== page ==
Myanmar security forces have been carrying out "clearance operations" in Rakhine State since 25 August, after an armed group calling itself the Arakan Rohingya Salvation Army (ARSA) carried out coordinated attacks on multiple police posts and an army base. Since then there have been widespread reports of the security forces imposing collective punishment upon the ethnic Rohingya community in northern Rakhine, including the unlawful killing of civilians, mass displacement and the burning of villages. The authorities have evacuated some non-Muslim civilians from affected areas, but at the time of publication, more than 389,000 refugees – mostly Rohingya – have fled across the border to Bangladesh to escape violence.
On 11 September the UN High Commissioner for Human Rights, Zeid Ra'ad Al-Hussein, said that actions taken by the Myanmar authorities during the "clearance operations" represent a "textbook example of ethnic cleansing." There have been reports of the Myanmar authorities placing landmines along the border with Bangladesh to prevent Rohingya from returning. Meanwhile, a government spokesman declared on 13 September that the security forces have successfully emptied 176 Rohingya villages targeted during "clearance operations."
The current crisis in Myanmar comes less than a year after the government conducted a four-month counter-insurgency operation in northern Rakhine state following attacks on border guard posts by armed militants. During the October 2016-February 2017 operation there were reports of mass arrests, torture, enforced disappearance, rape and other forms of sexual violence, extrajudicial killings, as well as widespread destruction of Rohingya homes and mosques. The Office of the High Commissioner for Human Rights alleged that the "widespread and systematic" attacks against Rohingya during these operations may have amounted to crimes against humanity. The government has utilized several internal investigations to deny the allegations, but international observers have dismissed them for lacking impartiality and credibility.
On 24 March the UN Human Rights Council mandated "an independent international fact-finding mission" into allegations of human rights violations and abuses by the security forces in Myanmar, particularly in Rakhine state. The government has stated that it will not permit the mission to enter Myanmar.
The Rohingya, a distinct Muslim ethnic minority group, have been systematically marginalized by discriminatory laws in Myanmar. The 1982 Citizenship Law does not recognize the Rohingya as one of Myanmar's "national races," rendering a population of over one million people stateless. Rohingyas are subject to severe restrictions on their freedom of movement as well as access to employment and education. The Myanmar government denied Rohingyas the ability to self-identify on the 2014 national census, the first since 1983. Rohingyas were also largely disenfranchised in advance of Myanmar's historic November 2015 elections. Rohingyas' rights are further limited by the so-called Protection of Race and Religion laws, which were passed in 2015 by the previous government and place harsh restrictions on women and non-Buddhists, including on fundamental religious freedoms, as well as reproductive and marital rights.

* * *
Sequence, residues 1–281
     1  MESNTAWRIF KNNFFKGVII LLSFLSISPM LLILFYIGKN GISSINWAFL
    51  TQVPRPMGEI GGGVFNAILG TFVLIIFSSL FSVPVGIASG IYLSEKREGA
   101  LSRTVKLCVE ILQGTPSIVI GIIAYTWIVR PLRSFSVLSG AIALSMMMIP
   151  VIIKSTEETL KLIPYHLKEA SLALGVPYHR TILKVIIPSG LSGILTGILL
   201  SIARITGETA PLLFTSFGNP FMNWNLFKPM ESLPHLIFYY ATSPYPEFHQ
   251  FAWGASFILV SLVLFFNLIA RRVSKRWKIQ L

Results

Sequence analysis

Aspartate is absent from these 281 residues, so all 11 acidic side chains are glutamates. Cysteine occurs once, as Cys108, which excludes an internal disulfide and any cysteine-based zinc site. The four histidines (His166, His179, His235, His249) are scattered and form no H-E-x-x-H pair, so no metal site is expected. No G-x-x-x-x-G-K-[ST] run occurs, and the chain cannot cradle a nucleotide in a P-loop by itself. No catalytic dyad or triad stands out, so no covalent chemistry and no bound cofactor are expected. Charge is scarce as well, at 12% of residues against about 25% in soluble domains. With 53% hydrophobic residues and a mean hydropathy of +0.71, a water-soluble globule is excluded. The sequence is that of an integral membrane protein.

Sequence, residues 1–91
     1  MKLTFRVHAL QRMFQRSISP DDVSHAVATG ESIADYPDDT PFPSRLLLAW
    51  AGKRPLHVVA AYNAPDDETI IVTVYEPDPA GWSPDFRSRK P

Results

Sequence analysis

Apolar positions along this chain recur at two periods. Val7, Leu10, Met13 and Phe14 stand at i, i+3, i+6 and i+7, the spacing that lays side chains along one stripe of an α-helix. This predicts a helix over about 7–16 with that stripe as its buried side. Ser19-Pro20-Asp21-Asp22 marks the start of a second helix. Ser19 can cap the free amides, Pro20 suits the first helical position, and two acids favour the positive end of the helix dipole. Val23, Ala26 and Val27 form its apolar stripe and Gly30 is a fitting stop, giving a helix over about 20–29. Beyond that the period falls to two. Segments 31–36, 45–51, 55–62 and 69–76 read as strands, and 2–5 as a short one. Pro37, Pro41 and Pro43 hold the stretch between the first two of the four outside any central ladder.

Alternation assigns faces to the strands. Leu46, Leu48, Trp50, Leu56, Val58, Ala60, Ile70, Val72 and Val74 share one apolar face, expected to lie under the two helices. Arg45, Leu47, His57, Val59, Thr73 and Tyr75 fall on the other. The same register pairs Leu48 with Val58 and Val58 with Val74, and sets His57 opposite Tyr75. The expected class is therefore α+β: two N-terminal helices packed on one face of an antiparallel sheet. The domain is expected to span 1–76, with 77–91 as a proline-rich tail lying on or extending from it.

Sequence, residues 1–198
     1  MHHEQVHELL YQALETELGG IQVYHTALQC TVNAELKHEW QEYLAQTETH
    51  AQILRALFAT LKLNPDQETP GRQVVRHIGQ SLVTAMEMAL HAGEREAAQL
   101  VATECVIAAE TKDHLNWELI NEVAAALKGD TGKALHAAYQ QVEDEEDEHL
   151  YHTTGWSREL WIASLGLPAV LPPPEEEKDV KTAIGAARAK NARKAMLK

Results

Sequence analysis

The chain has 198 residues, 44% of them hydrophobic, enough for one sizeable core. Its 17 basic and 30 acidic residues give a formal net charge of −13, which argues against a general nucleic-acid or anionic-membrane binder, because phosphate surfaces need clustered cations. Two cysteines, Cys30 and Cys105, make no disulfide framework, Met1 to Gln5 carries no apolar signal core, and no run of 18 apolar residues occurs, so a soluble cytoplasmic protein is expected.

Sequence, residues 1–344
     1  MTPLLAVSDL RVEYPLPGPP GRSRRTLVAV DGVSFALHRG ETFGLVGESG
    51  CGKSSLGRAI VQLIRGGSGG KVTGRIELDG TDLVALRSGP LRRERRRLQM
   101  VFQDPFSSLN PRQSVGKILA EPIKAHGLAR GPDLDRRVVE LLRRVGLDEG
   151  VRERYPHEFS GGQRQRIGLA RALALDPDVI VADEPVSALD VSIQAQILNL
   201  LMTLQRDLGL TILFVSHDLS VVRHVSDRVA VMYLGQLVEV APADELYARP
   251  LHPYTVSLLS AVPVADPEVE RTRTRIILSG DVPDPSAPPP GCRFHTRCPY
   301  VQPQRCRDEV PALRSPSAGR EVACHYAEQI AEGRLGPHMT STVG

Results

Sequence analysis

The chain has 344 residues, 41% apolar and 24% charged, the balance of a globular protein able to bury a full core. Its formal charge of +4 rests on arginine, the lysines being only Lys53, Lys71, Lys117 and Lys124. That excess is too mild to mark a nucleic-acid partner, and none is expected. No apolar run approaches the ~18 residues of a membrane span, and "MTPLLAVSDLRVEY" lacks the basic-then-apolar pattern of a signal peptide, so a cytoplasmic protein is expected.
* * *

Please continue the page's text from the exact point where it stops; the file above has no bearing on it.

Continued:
Rohingyas and the other Muslim populations in Myanmar have also been the victims of inter-communal violence, often incited by Buddhist chauvinist groups. Clashes between Rakhine Buddhists and Rohingya Muslims in 2012 left nearly 200 people dead and 140,000 displaced.
The Advisory Commission on Rakhine State, mandated by the government to provide recommendations on "measures for finding lasting solutions to the complex and delicate issues in Rakhine State," submitted its final report to the Myanmar authorities on 24 August. Led by former UN Secretary-General Kofi Annan, the Commission offered practical recommendations that address the root causes of conflict in Rakhine, including through reforming the 1982 Citizenship Law.